Rebuilding Place in the Urban Space

"A community’s physical form, rather than its land uses, is its most intrinsic and enduring characteristic." [Katz, EPA] This blog focuses on place and placemaking and all that makes it work--historic preservation, urban design, transportation, asset-based community development, arts & cultural development, commercial district revitalization, tourism & destination development, and quality of life advocacy--along with doses of civic engagement and good governance watchdogging.

Wednesday, December 26, 2018

Events and programming in a systematic manner

Prague Christmas MarketPrague.

The San Diego Union-Tribune ("Should San Diego host more events for Christmas and New Year's?") suggests that cities like San Diego could be better places, get millions of visitors and have great economic return if they would create and sponsor events during the holiday season (Christmas and New Year's Day).

The article uses the example of holiday markets in Europe:
But San Diego and many other American cities fall short of what the season could be, judging by what goes on where Christmas -- the nonreligious part of it -- was invented, in central Europe. If San Diego were more ambitious, it could draw millions of visitors and their dollars, experts say.

Virtually every city, from village to metropolis, sets up Christmas markets in public squares, where entertainment, food and beverage, shopping and strolling take center stage. Berlin has 70 such markets. Some places attract 4 million or more holiday visitors -- in weather that hovers around the freezing point some nights. One estimate held that German markets generate collectively more than $5 billion in annual sales. lists 132 choices of travel packages built around these festive scenes, from $207 for three days in Vilnius, Lithuania, to $11,000 for 21 days from Prague to Paris.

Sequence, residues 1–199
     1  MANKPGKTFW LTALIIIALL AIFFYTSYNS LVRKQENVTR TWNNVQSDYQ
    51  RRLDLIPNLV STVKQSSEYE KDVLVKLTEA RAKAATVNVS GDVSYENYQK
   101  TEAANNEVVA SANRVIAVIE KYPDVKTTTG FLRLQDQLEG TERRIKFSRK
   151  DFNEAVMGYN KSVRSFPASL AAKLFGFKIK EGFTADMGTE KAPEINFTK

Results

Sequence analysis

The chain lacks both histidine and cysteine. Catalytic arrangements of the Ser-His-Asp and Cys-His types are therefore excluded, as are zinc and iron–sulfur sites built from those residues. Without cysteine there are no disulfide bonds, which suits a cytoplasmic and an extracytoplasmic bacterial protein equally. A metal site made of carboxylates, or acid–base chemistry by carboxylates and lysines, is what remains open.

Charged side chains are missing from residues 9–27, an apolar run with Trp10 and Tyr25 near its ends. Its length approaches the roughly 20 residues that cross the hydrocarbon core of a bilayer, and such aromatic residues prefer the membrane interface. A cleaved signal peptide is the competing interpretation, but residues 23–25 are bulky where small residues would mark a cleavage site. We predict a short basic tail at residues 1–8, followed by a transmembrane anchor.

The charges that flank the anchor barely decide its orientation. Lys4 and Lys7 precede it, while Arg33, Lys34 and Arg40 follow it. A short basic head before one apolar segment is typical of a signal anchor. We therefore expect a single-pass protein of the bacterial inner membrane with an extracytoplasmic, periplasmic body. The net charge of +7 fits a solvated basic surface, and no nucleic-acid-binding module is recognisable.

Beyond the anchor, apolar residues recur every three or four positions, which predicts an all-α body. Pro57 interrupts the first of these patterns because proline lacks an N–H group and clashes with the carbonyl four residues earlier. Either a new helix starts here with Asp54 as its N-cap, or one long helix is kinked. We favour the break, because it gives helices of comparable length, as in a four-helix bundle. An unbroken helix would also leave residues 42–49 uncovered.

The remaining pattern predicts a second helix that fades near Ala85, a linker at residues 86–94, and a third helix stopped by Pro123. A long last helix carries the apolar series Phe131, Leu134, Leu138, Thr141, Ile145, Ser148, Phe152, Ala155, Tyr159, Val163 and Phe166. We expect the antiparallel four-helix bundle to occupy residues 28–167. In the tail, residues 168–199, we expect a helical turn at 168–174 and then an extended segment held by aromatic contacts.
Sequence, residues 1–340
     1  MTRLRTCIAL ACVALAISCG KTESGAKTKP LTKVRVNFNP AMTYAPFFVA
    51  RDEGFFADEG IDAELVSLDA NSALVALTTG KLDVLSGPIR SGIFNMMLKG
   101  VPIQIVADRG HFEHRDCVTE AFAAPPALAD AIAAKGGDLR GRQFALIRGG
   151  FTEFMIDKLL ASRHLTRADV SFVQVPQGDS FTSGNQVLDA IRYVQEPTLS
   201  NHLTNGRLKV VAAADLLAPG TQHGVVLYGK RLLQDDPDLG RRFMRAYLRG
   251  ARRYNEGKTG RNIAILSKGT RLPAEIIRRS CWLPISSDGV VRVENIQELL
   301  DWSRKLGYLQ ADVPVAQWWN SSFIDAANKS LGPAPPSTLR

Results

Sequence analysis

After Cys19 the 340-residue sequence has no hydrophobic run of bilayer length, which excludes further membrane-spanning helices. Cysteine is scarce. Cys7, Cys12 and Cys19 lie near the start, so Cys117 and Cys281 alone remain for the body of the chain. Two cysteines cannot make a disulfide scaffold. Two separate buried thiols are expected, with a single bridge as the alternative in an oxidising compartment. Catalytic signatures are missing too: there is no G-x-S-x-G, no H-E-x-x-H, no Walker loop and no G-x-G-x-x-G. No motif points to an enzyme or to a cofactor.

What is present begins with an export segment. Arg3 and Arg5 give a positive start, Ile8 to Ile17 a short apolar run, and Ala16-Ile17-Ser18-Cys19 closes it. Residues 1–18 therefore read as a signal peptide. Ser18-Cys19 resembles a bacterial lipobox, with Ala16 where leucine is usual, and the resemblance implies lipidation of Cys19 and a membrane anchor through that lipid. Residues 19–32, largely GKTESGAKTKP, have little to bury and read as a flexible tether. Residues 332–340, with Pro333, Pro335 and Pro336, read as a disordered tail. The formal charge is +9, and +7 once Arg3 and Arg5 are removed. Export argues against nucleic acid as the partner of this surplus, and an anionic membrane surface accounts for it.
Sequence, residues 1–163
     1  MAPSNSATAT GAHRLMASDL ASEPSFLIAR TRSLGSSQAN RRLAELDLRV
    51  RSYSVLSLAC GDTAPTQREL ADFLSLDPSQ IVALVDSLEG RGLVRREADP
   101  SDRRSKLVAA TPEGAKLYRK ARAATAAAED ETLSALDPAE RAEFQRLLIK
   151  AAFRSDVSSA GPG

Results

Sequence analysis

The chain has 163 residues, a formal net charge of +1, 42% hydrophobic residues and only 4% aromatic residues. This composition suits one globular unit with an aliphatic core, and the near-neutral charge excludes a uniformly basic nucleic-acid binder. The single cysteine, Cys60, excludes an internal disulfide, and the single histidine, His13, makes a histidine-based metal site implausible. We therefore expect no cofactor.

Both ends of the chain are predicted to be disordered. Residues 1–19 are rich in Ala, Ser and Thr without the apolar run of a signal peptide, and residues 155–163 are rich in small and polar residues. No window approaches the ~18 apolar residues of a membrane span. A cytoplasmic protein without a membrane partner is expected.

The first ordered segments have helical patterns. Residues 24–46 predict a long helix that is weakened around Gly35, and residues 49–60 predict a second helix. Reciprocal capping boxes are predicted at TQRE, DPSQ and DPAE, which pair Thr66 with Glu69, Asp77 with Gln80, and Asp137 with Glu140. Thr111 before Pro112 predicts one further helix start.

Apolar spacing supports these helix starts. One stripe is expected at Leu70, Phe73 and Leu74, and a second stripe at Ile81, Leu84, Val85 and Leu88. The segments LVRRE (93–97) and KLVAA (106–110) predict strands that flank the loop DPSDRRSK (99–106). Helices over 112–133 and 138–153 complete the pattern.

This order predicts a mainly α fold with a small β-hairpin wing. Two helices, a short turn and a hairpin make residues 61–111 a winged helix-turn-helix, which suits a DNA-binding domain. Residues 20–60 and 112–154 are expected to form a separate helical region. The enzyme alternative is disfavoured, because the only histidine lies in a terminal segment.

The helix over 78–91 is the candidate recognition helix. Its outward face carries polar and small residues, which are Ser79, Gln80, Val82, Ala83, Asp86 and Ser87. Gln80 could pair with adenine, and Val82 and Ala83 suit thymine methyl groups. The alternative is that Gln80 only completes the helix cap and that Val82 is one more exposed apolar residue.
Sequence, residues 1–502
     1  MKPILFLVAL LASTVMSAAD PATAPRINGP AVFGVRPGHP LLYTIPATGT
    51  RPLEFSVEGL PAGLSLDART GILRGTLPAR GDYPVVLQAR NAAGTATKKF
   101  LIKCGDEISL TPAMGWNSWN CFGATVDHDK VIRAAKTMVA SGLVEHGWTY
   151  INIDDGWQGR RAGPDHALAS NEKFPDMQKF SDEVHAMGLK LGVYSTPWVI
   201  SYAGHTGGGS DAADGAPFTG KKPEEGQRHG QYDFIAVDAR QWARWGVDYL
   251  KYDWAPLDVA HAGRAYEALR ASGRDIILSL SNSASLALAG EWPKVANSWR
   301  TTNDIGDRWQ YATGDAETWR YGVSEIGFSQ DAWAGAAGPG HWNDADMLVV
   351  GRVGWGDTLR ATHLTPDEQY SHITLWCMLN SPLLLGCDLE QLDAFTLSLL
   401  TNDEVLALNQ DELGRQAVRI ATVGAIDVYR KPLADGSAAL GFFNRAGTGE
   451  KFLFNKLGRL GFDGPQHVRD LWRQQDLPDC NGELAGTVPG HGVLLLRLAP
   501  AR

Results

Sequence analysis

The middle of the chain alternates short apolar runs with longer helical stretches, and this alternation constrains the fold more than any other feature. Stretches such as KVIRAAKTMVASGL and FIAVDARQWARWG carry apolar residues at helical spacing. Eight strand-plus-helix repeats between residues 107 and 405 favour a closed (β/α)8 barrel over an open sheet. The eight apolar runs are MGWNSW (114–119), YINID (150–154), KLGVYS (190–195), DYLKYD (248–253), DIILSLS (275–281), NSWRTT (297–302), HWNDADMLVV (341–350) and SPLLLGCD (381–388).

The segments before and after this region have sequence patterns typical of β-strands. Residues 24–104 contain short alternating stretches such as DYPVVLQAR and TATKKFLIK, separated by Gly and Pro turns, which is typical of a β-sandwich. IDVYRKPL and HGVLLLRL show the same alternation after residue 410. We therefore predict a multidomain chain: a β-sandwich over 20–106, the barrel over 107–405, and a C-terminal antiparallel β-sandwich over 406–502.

A recent six-day trip to Prague illustrated the point. There were eight markets in full swing, from late November to Christmas Day. All were filled with booths stuffed with handicrafts for sale, sausage grills, and even hot chocolate, apple juice and mulled wine, no bouncer required to shoo away underage drinkers.
Events planning as an element of urban revitalization

Wish You Were Here: The Branding of Stockholm and Destinations, authored by Julian Stubbs, makes a similar point.

The book isn't a primer or textbook, it's more of an outline and motivator aimed to get interested parties thinking and "thinking right" as it relates to place branding, and the impact of tourism on the local economy both in terms of visitation but also attracting new business and new investment to further strengthen the local economy.

There are a bunch of case studies, not in super depth, for cities like New York, Barcelona, and Liverpool, which show the range of responses that are possible.

One point he makes is that cities need to invest more money and time into the creation of events and festivals, but he also discusses mega events like the Olympics and the World Cup.

Unfortunately, for many countries--like South Africa for soccer, and Greece and Brazil for the Olympics--such events don't work out, but that's not relevant to this particular entry. 

1. Cities with successful city center events have a city center that isn't dominated by the car.

The problem that people in the US don't often get is that these types of events do well foremost because they are embedded in the fabric of pedestrian-dominated city centers, so there is lots of activity anyway, people get to and from the district not just by cars, and people live there so that there is a fair amount of pedestrian activity regardless of visitation.

There are lots of holiday markets in cities across the US. They vary in success, but pale by comparison to holiday markets in Europe. Probably the ones that do best are in NYC, because NYC has the largest center city focused population in the US.

2. Conflicting objectives